Editor’s note: This summer, USA TODAY NETWORK’s A Community Thrives program granted $2 million to organizations in 92 cities across the country. In Arizona, more than $130,000 was awarded. This is the second in a series of articles profiling the local recipients.
Dogs can be exceptional teachers.
At Phoenix nonprofit Raising Hope Dogs, four-legged friends are partnered with professional therapists to help children from low-income families that are dealing with autism, behavioral challenges, Down syndrome and cerebral palsy.
This summer, Raising Hope Dogs received a $10,000 grant from A Community Thrives, which is sponsored by the USA TODAY NETWORK, of which The Arizona Republic and azcentral.com are a part. Now in its third year, ACT awards grants to nonprofit organizations that focus on wellness, education and arts/culture.
Raising Hope Dogs believes the use of trained dogs as part of the therapy team can accelerate the therapy’s progress.
“The services … have been so impactful on his lifestyle,” said Greta Jorgenson, whose 8-year-old son Quanah has been paired with a border collie named Dandy to help with his autism.
“He’s more outgoing. He’s more social, especially in a new group setting with people or other kids that he doesn’t know. He’s more able to go up and say: ‘Hi, I’m Quanah, you know Dandy?'”
The therapist and dog duo go into therapy sessions with the kids and help them meet specific goals.
“For some kids, that may be more physical therapy. For kids with autism, a very common therapy goal is to get over a strong dislike of food,” said Beverly Damore, the group’s executive director.
The organization also hosts an annual HopeDog Challenge, a day of sports competitions for kids and teens with autism.
Jergenson noticed her son’s progress at the event.
“(Quanah) gets a little bit of everything at the games. He’s able to have more confidence speaking in front of other kids that he may not know; he’ll talk about the dogs to warm up with other kids,” she said.
Raising Hope Dogs was one of seven Arizona nonprofits that received grants from A Community Thrives. The grants were awarded by the USA TODAY NETWORK, of which The Arizona Republicand azcentral.com are a part. Now in its third year, ACT awards grants to nonprofit organizations that focus on wellness, education and arts/culture.
This year, A Community Thrives granted $2 million to support 136 organizations in 92 cities across the country, and an additional $2 million-plus was crowdfunded to support 1,525 participating organizations. In Arizona, more than $130,000 was awarded.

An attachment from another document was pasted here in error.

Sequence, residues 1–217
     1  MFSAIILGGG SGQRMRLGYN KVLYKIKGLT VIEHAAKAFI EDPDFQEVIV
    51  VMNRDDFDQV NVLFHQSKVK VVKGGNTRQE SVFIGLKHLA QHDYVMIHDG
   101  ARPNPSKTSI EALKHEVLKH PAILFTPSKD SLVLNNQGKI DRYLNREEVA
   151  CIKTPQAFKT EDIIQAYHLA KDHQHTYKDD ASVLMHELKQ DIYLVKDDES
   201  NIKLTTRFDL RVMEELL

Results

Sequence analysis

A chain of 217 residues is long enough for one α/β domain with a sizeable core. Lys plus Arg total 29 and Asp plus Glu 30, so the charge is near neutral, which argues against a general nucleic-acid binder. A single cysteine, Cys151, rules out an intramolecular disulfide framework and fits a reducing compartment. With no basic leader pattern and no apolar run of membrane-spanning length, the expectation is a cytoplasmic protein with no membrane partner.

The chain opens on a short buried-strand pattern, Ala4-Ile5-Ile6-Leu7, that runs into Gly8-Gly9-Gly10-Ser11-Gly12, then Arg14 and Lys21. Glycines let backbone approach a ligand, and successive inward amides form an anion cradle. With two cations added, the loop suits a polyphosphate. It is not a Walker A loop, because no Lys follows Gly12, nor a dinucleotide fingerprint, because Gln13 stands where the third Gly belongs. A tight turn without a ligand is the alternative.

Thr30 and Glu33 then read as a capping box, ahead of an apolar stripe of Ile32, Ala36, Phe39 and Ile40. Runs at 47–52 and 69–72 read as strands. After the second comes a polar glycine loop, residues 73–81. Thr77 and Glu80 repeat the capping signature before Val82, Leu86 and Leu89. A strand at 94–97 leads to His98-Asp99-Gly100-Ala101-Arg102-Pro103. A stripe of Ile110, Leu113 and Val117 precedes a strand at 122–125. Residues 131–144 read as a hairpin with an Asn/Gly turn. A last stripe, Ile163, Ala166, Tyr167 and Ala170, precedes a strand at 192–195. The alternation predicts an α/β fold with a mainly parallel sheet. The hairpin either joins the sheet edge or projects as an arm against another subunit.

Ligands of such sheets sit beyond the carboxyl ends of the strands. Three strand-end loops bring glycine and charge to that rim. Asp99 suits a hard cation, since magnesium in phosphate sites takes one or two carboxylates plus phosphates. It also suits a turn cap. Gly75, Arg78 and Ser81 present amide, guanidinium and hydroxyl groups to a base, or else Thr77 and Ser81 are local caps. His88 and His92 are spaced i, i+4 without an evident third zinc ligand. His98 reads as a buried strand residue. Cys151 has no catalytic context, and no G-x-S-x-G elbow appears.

Other local organizations that received grants were:
- Cancer Support Community, which will use $50,000 to support its Survivorship on the Go program to provide services across the Valley.
- Alwun House Foundation, which received $30,000 after pitching a Green Art Park for downtown Phoenix’s Garfield neighborhood as a green space and place for musicians and artists to perform.
- Liberty Wildlife, which will use $20,000 to help hire a person to manage its unique feather repository program.
- The Gilbert Historical Society, which received $10,000 to help with ongoing efforts to rebrand downtown Gilbert as an entertainment and dining destination.
- Musica Nova Orchestra, which received $8,000 in support of its efforts to provide access to musical performances to low-income students.
- St. Dominic Savio Academy in Chandler, which helps children with autism from the time of diagnosis to young adulthood. The group received $3,000.
“This grant is going to allow us to keep living the dream and the plans we made for this year which is to get more dogs through training and working with kids,” Damore said.
The application period for 2020 grants is expected to begin early next year. Read more about A Community Thrives at act.usatoday.com.
Raising Hope Dogs
What it is: Nonprofit organization that trains dogs to work with children from low-income families who are dealing with autism, behavioral challenges, Down syndrome and cerebral palsy.
A Community Thrives grant: $10,000 to support animal training program.
Address: 4316 E. Palo Verde Drive, Phoenix.
More details: 602-689-8849, www.raisinghopedogs.org.
Read or Share this story: https://www.azcentral.com/story/news/local/phoenix/2019/08/14/raising-hope-dogs-train-more-pets-for-autism-low-income-down-syndrome-with-community-thrives-grant/1968539001/